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Around 50 gathered outside the Ontario Legislature on July 18 2018. to protest the Ontario government's plan to roll back the current sex ed curriculum and go back to the 1998 version.

Fred Lum/The Globe and Mail

With just a week to go before a new school year begins, the head of Canada’s largest school board has sent a letter to teachers assuring them Ontario’s interim sex-ed curriculum still covers many important topics.

John Malloy, the director of education for the Toronto District School Board, published a letter online Friday saying the board is doing its best to take the “‘guess work’ out of determining what can be taught and when.”

He says while the Ministry of Education “has the right to set curriculum for Ontario students,” educators are responsible for how it is taught.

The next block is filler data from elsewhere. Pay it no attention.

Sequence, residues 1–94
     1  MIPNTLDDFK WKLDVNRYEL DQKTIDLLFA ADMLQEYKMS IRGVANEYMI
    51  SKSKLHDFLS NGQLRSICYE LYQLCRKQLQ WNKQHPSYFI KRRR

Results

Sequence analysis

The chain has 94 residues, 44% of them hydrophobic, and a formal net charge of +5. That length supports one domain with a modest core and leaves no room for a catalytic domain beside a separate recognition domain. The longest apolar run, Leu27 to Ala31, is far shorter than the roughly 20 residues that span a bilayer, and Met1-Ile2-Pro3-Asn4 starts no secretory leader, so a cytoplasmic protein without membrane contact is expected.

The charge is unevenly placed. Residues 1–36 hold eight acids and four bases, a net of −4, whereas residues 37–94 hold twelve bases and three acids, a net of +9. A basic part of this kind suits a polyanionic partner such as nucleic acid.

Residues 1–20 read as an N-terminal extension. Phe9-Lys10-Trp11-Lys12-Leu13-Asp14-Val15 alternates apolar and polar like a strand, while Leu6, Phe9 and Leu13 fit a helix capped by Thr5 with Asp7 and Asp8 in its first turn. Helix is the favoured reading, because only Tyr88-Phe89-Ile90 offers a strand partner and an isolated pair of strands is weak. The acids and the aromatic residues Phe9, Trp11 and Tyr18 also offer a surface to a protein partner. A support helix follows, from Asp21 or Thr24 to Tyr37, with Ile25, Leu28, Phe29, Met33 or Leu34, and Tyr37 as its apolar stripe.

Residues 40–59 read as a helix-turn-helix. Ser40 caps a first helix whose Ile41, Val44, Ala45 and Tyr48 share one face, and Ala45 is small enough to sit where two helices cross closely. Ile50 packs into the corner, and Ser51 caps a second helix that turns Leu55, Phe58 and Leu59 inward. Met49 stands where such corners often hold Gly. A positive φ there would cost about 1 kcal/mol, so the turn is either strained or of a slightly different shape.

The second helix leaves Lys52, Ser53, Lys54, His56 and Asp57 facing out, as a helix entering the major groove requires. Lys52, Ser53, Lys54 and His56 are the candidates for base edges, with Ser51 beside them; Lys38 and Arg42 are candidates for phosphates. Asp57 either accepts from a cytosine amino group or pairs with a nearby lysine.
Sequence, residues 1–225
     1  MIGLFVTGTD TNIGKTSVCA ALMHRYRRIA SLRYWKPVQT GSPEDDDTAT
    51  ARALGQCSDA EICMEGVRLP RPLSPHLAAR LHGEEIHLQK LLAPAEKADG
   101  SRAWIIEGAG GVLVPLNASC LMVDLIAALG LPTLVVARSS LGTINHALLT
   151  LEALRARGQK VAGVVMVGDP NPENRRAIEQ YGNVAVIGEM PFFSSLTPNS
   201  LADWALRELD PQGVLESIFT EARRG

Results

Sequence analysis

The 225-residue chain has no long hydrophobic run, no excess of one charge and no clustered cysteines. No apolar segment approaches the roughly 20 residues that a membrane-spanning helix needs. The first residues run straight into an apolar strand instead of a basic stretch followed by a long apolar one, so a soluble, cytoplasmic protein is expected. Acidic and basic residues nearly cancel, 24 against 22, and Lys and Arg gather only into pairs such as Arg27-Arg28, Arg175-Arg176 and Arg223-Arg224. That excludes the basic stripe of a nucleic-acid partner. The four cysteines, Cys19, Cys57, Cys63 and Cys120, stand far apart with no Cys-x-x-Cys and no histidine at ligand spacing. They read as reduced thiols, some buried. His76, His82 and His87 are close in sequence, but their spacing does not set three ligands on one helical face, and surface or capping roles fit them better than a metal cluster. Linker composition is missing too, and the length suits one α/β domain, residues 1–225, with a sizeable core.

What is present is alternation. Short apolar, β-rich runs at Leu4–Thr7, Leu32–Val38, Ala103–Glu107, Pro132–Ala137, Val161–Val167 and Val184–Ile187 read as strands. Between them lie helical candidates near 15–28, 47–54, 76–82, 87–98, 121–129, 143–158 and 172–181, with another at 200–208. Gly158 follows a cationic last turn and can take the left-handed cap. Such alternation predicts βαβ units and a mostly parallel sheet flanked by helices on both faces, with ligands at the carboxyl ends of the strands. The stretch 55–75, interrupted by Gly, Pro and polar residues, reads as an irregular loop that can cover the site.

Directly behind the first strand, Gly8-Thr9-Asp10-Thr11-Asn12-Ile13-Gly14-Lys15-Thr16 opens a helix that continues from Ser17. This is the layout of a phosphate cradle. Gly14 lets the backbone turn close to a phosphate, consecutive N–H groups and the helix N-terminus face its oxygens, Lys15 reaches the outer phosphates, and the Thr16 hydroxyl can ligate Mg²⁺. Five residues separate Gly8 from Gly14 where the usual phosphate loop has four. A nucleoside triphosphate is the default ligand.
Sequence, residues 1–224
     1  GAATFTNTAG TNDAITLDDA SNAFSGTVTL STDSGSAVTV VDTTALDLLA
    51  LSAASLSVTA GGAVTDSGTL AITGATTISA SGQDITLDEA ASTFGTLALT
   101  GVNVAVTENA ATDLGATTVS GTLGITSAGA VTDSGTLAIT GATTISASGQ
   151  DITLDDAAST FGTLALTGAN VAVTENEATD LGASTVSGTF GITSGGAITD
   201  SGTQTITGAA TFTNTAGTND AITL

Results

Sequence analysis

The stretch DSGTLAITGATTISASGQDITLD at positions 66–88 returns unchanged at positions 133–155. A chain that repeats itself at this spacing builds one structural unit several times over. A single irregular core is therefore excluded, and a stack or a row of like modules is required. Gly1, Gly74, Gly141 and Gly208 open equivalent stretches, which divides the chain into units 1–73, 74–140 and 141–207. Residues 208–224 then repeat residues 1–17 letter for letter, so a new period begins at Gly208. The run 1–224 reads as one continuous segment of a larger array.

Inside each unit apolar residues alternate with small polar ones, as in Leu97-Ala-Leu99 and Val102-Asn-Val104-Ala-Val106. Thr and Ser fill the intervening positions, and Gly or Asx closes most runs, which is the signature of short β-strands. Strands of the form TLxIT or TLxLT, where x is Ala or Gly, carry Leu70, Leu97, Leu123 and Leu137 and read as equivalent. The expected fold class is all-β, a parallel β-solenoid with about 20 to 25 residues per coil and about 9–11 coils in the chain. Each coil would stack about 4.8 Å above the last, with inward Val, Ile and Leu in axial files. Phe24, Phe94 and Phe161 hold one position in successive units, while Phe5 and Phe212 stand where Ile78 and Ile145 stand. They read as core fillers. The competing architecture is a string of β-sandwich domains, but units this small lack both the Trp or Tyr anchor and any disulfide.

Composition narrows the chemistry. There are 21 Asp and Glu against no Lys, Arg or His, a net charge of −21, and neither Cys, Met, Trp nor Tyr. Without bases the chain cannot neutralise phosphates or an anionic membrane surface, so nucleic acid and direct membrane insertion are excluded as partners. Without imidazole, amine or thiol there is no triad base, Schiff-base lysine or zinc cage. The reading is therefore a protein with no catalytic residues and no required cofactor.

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Malloy’s letter comes just days after TDSB chair Robin Pilkey said the Progressive Conservative government needed to spell out the differences between the interim sex-ed curriculum and the document it replaces.

The government issued the interim curriculum on Wednesday, warning teachers who use the scrapped version would face consequences — and inviting parents to anonymously report potential breaches to the province. The government also said it’s launching a website where parents can file such complaints, which critics have dubbed a “snitch line.”

In his letter, Malloy says that under the interim document, teachers can still discuss topics such as diverse families, online safety and consent to their students. But while “many important topics remain” in the interim curriculum, Malloy acknowledges “there may be other areas that are no longer reflected.”

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